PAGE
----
Jonathan Edelmann and William Bernet have made a sterling effort to bring reincarnation within the pale of scientific investigation. Their paper, in the latest JCS, is not directly concerned with the reality of reincarnation, but with the methods which could be adopted to ensure the academic credibility of future research.
They put to one side cases where the recollection of a previous life is induced by hypnosis, because of the obvious difficulties in ensuring that the subject is not led or influenced by the hypnotist, and concentrate instead on ‘spontaneous’ cases – those where a child comes up with memories of a former life without any particular prompting.
I say ‘without any particular prompting’, but the authors recognise that many alleged cases of reincarnation occur within cultures where a belief in the phenomenon is a religious obligation, and where family members are likely to prompt and encourage any signs of recollection displayed by a child. Indeed, one of their main concerns is to establish interview procedures which will eliminate direct family influence, provide an objective assessment, and include a comparison of the household described in the child’s recollections with a control household.
I salute their aspiration to scientific rigour, but their efforts are tragically misplaced. Scientific investigation is wasted if the hypothesis under investigation is incoherent, and I think the notion of reincarnation is pretty much unsalvageable. It rests on a confused conception of identity, and once your ideas about identity are clarified – in any rational way – it becomes absurd. To put the problem at its most general: proponents of reincarnation accept any resemblance between dead and live persons as evidence for reincarnation- it can be personality, memories, tastes, abilities, or even physical characteristics. But if all properties are equally signs of identity, the missing resemblances are as salient as the present ones. If a gift for juggling is claimed as a sign of identity between dead A and live B in one case, I’m entitled to point out that dead X and live Y differ in their juggling abilities, though allegedly Y remembers X’s life. But this is never allowed; only the points of resemblance are ever considered. Frankly, it’s superstition.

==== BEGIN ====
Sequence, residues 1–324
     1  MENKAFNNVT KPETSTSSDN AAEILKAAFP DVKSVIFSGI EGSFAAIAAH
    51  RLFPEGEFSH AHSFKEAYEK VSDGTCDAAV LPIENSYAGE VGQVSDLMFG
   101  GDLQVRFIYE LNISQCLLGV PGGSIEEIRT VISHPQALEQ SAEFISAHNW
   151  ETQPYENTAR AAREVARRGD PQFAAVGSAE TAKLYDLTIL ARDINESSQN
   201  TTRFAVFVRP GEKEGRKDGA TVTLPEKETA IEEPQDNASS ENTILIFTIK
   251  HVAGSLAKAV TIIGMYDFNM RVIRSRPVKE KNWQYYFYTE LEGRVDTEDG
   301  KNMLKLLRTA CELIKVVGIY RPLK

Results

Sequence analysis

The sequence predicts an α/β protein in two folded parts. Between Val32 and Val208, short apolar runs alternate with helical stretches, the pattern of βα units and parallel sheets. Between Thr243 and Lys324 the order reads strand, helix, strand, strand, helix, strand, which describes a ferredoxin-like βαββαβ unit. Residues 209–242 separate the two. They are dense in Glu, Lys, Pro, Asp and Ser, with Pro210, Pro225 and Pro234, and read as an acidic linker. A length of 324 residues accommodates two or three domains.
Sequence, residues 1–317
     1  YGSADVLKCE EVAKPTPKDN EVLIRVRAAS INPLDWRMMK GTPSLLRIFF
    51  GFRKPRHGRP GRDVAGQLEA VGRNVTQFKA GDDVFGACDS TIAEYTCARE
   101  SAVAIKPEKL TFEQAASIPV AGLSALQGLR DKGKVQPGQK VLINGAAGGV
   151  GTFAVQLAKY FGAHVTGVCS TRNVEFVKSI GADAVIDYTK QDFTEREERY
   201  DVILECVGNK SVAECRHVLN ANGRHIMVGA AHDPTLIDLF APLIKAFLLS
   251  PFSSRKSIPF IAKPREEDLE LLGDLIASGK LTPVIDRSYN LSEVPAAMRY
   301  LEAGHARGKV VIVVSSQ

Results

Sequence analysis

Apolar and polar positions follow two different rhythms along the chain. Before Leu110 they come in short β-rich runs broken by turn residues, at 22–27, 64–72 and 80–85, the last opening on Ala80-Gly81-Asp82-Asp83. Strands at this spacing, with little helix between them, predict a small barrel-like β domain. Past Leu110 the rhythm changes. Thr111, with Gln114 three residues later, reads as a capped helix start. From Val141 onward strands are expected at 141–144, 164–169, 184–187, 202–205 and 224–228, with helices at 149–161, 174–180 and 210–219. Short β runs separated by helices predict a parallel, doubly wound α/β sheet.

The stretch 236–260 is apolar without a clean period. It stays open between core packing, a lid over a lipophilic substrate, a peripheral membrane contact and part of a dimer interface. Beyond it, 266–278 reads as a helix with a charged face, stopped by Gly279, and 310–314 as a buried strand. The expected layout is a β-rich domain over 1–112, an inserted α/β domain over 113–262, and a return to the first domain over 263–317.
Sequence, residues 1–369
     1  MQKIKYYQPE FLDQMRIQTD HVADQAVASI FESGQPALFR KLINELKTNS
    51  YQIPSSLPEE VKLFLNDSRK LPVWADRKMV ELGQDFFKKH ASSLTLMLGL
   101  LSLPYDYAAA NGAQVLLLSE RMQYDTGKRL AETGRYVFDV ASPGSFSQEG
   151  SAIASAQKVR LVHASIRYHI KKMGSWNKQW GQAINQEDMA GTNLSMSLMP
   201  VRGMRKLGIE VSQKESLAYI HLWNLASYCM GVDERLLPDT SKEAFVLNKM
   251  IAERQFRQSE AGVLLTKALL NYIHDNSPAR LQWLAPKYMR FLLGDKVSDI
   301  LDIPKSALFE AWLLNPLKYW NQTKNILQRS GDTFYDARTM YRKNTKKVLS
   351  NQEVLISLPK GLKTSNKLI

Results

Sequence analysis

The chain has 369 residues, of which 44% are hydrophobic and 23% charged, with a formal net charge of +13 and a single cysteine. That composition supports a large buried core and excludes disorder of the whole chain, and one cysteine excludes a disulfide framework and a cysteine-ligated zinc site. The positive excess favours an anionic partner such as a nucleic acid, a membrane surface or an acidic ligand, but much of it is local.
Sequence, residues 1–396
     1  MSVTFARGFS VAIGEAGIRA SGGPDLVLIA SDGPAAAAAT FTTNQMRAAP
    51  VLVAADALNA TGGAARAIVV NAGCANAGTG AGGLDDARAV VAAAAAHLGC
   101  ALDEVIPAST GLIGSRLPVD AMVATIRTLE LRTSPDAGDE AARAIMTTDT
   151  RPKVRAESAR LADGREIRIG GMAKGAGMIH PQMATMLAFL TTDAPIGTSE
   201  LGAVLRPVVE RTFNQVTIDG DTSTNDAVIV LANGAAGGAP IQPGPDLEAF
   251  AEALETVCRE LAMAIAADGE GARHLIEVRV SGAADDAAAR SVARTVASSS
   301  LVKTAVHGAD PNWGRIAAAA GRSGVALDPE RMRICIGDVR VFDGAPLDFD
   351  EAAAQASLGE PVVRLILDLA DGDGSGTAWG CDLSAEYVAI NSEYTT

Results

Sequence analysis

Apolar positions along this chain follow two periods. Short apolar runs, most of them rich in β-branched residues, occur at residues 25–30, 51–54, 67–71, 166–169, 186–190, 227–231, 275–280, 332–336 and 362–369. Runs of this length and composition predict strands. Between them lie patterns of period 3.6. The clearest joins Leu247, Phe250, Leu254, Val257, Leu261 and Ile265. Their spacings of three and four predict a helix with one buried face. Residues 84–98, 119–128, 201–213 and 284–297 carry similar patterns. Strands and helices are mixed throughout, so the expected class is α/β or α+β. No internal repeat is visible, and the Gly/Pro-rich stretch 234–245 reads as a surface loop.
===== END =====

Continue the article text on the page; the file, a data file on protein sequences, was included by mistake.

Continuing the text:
I don’t think that’s right. The best evidence for reincarnation isn’t from resemblances of that kind, but the recollection of factual information about previous lives. The ability to produce detailed memories of a former existence is so remarkable that even a few instances constitute striking evidence. The fact that some other details are not recalled does not cancel that evidence out. If I could describe my car and tell you its registration number, that would be good evidence that I really had at least seen it before: the fact that I couldn’t tell you what was inside it or what brand name was on the battery wouldn’t disprove that.
Edelmann and Bernet do seem to countenance a range of different evidence in principle, though: they begin by quoting the four-point SOC (Strength of Case) scale developed at Virginia University. The four points are, briefly:
- birthmarks/defects that correspond to the previous life;
- strength of statements about the previous life;
- relevant behaviours that relate to the previous life; and
- possible connections between present and previous life
See what I mean? Look at that first point. Birthmarks and defects? Look, reincarnation is supposed to be the transfer of a soul into another body, not the transfer of a body into a body. If birthmarks and defects are transferred, why not the disease that killed the original person? Why not the signs of old age? If physical traits are transferred, why don’t babies get reincarnated as old people? In fact, why don’t they come back as corpses?
You’re the last person who should be surprised that mental traits can have a physical expression. I’m not asserting that birthmarks are signs of reincarnation, but if you believe in souls, there’s nothing contradictory in supposing that certain physical characteristics impress themselves on the spirit in a way that others don’t. and that these impressed characteristics can then be echoed in the body when the spirit arrives in a new corporeal host.
Anyway, let me finish the exposition before you start arguing – as I explained, we’re addressing methodological issues here rather than the reality of reincarnation in itself.